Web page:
1:06 Mick Côté: So Montreal Gazette, first and foremost, is a news sites. So, we are the only remaining daily English newspaper in Montreal.
1:12 Patrick O’Keefe: Interesting.
1:13 Mick Côté: Which is mostly a French place, pretty bilingual but we’re the only English paper. The volume kind of varies. Now, for the most part I can’t necessarily share how many unique visitors we get to the site but we’re definitely in hundreds of thousands of people who come to the site daily and weekly, depending on the breadth of the or the importance of the news, I suppose. We manage various communities and what we try to do is we try to play with every social network as it’s own platform. So, although we have our website with it’s own commenting platform, we always treat, let’s say, our Facebook account or Facebook page as its own separate platform even though the content is similar, the voice will be different than the community management style walls so be altered for that space. So on Facebook right now, we have- I think we’re up to 120,000 likes and the reach can vary anywhere between 200k to, today for example, we’re at five million because we really had a big hit on a video. So that kind of stuff varies. That’s for the reach, the engagements also varies kinda up and down but that’s the way news goes usually.
2:14 Patrick O’Keefe: What was the video?
2:15 Mick Côté: It was last Tuesday. We had a terrible freezing rain instance in the morning. So all of the sidewalks were covered in ice and we had a brilliant reporter who went out and just stood on the corner and shot, basically, just the sidewalk and people walking, basically hips down.
2:30 Patrick O’Keefe: I saw that one. The different walking styles?
2:32 Mick Côté: That’s it.
2:33 Patrick O’Keefe: Yeah. I was just doing my research. Of course, I follow the Montreal Gazette every single day, certainly, but just in doing my research, I saw that video. I also saw you posted some live video, walking that day, right?
2:44 Mick Côté: That’s correct. We try to do two different things to see what got the most engagement and what got the most reach. That’s something that we try to do once in a while especially depending on what feature Facebook let’s us do or different platforms like if we do an Instagram live story or if we just share it as a straight story, we try to take one event and see what sticks best with different audiences. In this case, even though the live, I think, was good, it was also commuting time so people weren’t necessarily looking at a live feed on Facebook but the video had, once it started getting a lot of reach and a lot of impact, it just went crazy it was like setting fire to something. It just like kept spreading.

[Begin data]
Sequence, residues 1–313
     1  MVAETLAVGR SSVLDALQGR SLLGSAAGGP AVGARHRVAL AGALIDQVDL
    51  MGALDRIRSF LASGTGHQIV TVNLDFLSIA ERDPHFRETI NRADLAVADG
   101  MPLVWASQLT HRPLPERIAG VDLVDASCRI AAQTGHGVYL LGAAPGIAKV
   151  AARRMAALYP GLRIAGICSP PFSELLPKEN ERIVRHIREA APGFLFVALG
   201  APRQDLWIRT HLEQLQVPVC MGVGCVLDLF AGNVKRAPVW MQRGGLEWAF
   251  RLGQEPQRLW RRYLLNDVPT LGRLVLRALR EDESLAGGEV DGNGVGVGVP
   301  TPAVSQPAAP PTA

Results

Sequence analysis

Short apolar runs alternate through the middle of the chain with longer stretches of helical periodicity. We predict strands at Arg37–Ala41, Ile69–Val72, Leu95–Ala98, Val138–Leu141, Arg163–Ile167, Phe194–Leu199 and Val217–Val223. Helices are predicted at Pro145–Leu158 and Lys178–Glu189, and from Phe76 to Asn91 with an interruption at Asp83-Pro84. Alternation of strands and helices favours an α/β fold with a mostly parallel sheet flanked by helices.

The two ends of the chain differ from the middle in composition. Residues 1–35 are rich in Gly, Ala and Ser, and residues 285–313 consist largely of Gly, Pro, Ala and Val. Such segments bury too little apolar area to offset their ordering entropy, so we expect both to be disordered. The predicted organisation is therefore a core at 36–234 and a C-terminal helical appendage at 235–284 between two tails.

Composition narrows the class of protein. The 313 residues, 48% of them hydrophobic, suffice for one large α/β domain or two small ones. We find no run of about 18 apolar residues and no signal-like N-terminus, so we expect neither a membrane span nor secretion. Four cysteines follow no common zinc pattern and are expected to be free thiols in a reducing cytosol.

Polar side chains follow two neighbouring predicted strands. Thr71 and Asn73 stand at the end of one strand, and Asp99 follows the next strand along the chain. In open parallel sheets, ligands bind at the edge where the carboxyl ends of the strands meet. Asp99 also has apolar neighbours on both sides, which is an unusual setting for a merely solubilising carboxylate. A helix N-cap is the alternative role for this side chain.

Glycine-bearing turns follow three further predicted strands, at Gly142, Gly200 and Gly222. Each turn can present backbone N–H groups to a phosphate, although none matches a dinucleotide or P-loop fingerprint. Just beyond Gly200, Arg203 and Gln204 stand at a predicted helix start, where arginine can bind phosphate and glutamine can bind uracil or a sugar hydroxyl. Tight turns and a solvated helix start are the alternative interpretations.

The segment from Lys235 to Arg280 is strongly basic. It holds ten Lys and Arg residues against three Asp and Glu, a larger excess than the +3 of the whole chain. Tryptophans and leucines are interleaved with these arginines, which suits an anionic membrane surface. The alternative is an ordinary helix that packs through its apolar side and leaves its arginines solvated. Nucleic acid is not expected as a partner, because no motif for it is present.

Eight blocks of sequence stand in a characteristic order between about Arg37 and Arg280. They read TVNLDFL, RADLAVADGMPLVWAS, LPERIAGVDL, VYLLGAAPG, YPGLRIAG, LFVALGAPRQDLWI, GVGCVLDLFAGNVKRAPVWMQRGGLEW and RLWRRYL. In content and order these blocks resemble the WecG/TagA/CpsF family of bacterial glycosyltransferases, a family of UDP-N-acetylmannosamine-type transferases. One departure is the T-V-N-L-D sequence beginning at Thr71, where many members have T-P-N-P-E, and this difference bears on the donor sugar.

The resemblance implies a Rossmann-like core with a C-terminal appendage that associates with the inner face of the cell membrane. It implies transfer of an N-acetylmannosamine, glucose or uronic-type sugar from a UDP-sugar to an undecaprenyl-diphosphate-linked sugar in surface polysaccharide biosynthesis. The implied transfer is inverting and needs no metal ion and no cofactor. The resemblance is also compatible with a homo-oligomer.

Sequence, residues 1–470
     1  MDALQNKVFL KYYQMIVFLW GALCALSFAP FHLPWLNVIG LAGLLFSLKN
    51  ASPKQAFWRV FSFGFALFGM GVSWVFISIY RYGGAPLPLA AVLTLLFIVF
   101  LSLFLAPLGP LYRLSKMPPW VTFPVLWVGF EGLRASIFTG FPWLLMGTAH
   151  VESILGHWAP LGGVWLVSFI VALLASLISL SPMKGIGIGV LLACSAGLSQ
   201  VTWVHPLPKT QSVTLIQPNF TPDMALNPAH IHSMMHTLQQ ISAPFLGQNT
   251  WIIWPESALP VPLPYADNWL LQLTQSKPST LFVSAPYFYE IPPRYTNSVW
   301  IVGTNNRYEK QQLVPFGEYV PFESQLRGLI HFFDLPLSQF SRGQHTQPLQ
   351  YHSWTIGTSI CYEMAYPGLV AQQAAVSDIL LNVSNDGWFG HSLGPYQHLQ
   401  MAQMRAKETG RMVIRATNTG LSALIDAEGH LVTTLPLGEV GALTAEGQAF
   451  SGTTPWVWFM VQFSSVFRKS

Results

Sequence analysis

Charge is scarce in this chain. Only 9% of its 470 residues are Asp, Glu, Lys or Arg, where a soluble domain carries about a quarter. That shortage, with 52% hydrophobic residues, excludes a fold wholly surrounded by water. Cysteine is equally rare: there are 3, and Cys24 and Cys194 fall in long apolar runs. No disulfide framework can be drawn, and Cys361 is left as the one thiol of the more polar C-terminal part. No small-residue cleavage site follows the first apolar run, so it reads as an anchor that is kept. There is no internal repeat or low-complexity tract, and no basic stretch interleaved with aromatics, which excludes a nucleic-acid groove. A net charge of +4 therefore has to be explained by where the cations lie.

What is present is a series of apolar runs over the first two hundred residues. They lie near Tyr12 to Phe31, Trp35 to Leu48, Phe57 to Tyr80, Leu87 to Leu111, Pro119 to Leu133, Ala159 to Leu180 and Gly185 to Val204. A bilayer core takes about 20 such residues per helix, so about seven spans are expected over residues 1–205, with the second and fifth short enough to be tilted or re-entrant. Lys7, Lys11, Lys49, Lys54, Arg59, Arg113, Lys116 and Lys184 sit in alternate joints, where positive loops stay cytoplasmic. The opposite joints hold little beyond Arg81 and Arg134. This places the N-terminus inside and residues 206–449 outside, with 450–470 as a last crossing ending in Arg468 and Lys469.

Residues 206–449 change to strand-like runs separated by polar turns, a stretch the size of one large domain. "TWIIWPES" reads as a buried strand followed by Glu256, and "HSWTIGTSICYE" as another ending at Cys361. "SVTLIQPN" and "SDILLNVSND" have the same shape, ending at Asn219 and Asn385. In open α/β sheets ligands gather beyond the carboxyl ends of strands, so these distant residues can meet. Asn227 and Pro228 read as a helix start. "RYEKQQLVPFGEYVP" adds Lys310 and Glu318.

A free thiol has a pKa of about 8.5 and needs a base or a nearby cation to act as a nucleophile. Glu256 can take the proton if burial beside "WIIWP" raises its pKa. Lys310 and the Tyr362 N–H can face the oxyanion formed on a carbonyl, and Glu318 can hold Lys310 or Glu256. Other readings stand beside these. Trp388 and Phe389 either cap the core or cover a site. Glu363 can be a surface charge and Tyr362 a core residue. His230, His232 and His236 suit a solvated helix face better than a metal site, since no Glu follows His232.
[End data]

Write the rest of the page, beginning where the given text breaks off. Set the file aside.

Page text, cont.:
3:19 Patrick O’Keefe: So you mentioned you know you’re active on upon various social media channels – Facebook, Twitter, YouTube, etc. – you also have onsite comments. Who’s responsible for that? How does that work as far as who handles the UGC coming in when people are on YouTube or when people send you something on Facebook or Twitter or the comments onsite. Is it, you know sometimes it’s just one person? I’m sure you have other people there, it’s not just you. So, how does that work?
3:40 Mick Côté: We do. So, I’m the main engagement editor for the Gazette, so I’m the one who generally kind of takes care of the UGC and that kind of stuff. Obviously, I’m not here 24/7, but there’s a wonderful team of online editors. So they’re the ones who usually handle the editing of stories, the grammar, the set-up, the pages, that kind of stuff. And they’re also trained to keep track of comments. Now, for the most part, we have the editorial board so like the masthead. That will also decide if we’re doing some kind of UGC project or if we have to shut comments down on certain stories. So, those decisions come from myself and a group of senior editors. But the bulk of the editors who work online are trained to recognize comments and to check them out as well in case there is people pointing out mistakes or in case people can further the story along or get in touch with us. It’s a good way.
4:27 Patrick O’Keefe: So, those editors, I mean, I don’t know how long they’ve been there, but certainly editors have existed on the web for quite a while. So those people just got a new task, right? At the end of the day, they just got a new thing piled on there. How do you feel about that? Is that a good thing? In an ideal world, would that be the case? What are your thoughts?
4:42 Mick Côté: You know, I think it’s funny to see how people work and are able to alter and change and learn for their positions. So, I mean obviously, you’re right by saying that these editors have been around for a long time. Most of them started off in print because the Montreal Gazette, first and foremost, was a newspaper, to see how they’ve adopted to learn new tricks and to really figure out this whole common thing and this whole engagement thing works, has been tremendous. We’re still learning, we’re still trying stuff out, but I think we’ve used all managed to get to a certain level where everyone is very comfortable with, the basics of web publishing and we can grow from there. So, like you said the team’s been around for a while and they’re all handling comments really well, people know to keep an eye on them. There’s certain rules in Quebec that forbid us from moderating comments, meaning that if we start moderating, if we don’t do it 24/7, we are then liable for any kind of defamation or libel. So, the publication wouldn’t be protected because it’s essentially a published item on your publication. So, we do have to be careful on the ways we keep track of comments and keep track of conversations. So rather than moderate ourselves, we open it up to a community moderation type. Even though we don’t have up votes or down votes, we are building this community by conversing with them and making sure that people are like policing themselves and each other.